Last week was one of the best in the history of Innovation Origins in terms of the number of visitors. Our articles have been read more than 25,000 times on our website. Soon we’ll be hitting 100,000 page views! As we are an international platform, it is always nice to see where our readers come from. Google Analytics tells us that Americans and Canadians in particular are very interested in the invention of a quantum interface by Professor Fink from Austria. The English translation of the article was very well read, especially in countries where it was published.
If the number of clicks were also to be used as a measure for developments in innovation, we would have to monitor two developments even more closely in the near future: quantum computers and artificial intelligence. TU/Eindhoven, considered by many to be the most innovative city in the Netherlands, is funding a new institute in this field to the tune of €100 million. This news was our second best read article of last week.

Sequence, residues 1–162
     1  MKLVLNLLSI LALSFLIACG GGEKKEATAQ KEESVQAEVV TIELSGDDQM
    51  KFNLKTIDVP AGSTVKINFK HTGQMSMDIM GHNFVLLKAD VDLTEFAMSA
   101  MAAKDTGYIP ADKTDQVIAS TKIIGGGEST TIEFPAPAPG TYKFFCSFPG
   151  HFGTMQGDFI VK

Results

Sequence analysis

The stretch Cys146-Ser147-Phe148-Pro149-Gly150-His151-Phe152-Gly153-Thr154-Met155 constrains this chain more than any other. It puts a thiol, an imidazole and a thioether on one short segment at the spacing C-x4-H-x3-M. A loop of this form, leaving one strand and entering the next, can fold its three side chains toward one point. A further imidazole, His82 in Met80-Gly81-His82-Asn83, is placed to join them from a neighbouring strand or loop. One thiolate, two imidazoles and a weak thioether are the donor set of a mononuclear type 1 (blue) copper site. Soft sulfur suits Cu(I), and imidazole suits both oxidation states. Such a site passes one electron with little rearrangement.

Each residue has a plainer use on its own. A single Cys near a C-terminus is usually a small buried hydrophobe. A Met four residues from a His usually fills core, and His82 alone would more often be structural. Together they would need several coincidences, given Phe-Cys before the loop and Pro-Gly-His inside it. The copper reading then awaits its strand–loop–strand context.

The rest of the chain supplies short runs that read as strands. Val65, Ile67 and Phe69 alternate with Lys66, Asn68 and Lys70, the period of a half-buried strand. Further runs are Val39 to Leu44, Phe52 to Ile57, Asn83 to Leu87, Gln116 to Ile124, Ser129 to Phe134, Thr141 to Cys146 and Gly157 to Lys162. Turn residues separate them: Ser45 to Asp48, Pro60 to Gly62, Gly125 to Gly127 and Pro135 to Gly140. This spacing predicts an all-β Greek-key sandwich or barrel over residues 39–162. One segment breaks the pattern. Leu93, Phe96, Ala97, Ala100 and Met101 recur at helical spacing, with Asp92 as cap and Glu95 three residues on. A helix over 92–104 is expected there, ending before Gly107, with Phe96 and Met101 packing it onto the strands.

But honour for those who deserve honour: the quantum computer. Innovation Origins is once again looking at the bright future of the computer which promises an internet with unlimited possibilities. We asked Professor Johannes Fink, who leads the project at the Institute of Technology (IST) in Austria, for more details.
The researchers surrounding Professor Fink have been working for several years on a solution that makes it possible to transfer data from one quantum computer to another. The research problem lies in the electronics of quantum computers, which only work at extremely low temperatures. During transmission, the information should traverse a high-temperature environment where it is as yet still unable to exist.